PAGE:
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Re: Evaluate Revision: The Civil Service Act of 1883 [#permalink]

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The Civil Service Act of 1883, also known as the Pendleton Act, which created a professional corps of administrators, was passed after a disappointed office-seeker assassinated President James A. Garfield. For a hundred years, this system has anchored American government service to competence rather than corruption. The best way to preserve this state in the new millennium is to maintain the Pendleton Act as it is.
Which of the following would be most useful to evaluate the argument’s conclusion?

The conclusion here states that the Pendleton Act will help to maintain competence rather than corruption in the American government. We need to find a premise which will help us to either agree with the conclusion or refute it.

A. The methods that the Swiss and British governments have used to prevent corruption in government service for the past one hundred years
--> Out of scope. We are not concerned about other governments

B. The current level of job satisfaction among government office-seekers and office-holders
--> Job satisfaction does not relate to competence or corruption. Irrelevant

C. The levels of competence and corruption in American government service between 1950 and the present
--> One major assumption the argument makes is that "Things don't change". They will be the same now as they were in the 1950s. This option addresses that assumption by comparing competence and corruption then to now.

D. The number of Presidents assassinated since the passage of the Pendleton Act
--> irrelevant. We are concerned about office workers/ office seekers

E. The percentage of office-holders fired or convicted on charges stemming from corruption during the first hundred years of the Pendleton Act
--> Does the percent of office holders being fired or convicted during the first 100 years help to assess competence and corruption of the office seekers now? It doesn't. So this option is incorrect.

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Re: Evaluate Revision: The Civil Service Act of 1883 [#permalink]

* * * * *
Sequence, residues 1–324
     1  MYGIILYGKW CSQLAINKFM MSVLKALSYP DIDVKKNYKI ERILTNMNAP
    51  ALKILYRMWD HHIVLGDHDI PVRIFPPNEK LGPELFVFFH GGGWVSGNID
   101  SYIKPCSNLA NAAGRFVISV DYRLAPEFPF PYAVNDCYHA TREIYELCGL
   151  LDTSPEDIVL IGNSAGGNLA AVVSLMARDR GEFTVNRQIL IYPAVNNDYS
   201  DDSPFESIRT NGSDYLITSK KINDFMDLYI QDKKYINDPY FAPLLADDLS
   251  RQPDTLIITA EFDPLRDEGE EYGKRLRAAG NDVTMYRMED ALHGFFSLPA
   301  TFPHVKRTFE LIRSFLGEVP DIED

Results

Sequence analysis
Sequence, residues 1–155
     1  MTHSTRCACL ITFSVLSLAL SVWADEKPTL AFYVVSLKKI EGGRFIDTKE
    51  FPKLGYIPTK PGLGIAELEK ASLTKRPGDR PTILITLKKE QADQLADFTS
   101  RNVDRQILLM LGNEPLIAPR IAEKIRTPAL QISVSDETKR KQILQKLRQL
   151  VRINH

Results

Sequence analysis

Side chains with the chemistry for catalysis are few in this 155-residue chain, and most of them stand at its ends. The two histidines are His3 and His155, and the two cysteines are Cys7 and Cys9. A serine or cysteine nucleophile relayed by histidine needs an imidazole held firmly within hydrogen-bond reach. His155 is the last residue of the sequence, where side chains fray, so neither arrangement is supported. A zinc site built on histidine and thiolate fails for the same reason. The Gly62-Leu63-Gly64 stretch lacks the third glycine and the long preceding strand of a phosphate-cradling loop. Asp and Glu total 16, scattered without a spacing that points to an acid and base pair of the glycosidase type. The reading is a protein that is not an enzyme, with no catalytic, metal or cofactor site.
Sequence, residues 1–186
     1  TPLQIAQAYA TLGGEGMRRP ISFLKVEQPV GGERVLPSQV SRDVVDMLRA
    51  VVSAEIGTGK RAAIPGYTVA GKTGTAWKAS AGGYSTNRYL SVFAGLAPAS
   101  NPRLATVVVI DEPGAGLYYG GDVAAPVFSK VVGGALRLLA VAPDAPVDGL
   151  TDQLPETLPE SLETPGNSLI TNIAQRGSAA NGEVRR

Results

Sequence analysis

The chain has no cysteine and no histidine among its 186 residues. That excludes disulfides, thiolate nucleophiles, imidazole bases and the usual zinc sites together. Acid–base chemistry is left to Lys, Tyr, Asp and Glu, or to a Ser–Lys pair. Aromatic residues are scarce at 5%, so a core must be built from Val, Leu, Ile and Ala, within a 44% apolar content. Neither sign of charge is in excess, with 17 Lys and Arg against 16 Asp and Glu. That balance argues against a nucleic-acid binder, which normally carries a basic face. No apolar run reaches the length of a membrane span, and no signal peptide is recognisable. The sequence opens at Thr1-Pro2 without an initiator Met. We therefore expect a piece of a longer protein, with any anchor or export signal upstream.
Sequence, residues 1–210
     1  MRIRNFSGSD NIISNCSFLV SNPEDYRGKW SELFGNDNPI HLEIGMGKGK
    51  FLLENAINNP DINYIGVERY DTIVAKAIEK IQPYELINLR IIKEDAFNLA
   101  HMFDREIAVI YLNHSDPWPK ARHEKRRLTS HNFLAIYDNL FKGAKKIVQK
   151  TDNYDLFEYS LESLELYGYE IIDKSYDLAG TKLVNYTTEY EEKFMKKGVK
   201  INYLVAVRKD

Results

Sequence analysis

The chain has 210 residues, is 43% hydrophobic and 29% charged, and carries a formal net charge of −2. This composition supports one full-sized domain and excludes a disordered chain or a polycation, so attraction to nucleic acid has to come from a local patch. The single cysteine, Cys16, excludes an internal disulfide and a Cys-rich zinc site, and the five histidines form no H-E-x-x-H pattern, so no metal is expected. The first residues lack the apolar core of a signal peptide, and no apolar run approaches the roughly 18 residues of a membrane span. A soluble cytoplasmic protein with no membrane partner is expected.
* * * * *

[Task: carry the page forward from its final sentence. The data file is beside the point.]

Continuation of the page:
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Hi,

After reading once, I narrowed down to E and C. Now the only reason I eliminated E is because it just mentions the evidence of corruption. NOT for Competence.

While in C - both are discussed.

The Civil Service Act of 1883, also known as the Pendleton Act, which created a professional corps of administrators, was passed after a disappointed office-seeker assassinated President James A. Garfield. For a hundred years, this system has anchored American government service to competence rather than corruption. The best way to preserve this state in the new millennium is to maintain the Pendleton Act as it is. Which of the following would be most useful to evaluate the argument’s conclusion?

A. The methods that the Swiss and British governments have used to prevent corruption in government service for the past one hundred years Irrelevant

B. The current level of job satisfaction among government office-seekers and office-holders

C. The levels of competence and corruption in American government service between 1950 and the present Perfect! This gives both the parameters we need to evaluate on as per the question stem.

D. The number of Presidents assassinated since the passage of the Pendleton Act
E. The percentage of office-holders fired or convicted on charges stemming from corruption during the first hundred years of the Pendleton Act
Only corruption degree is being measured - nothing about competence.

Hence C is the correct option
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Re: Evaluate Revision: The Civil Service Act of 1883   [#permalink] 27 Apr 2015, 09:48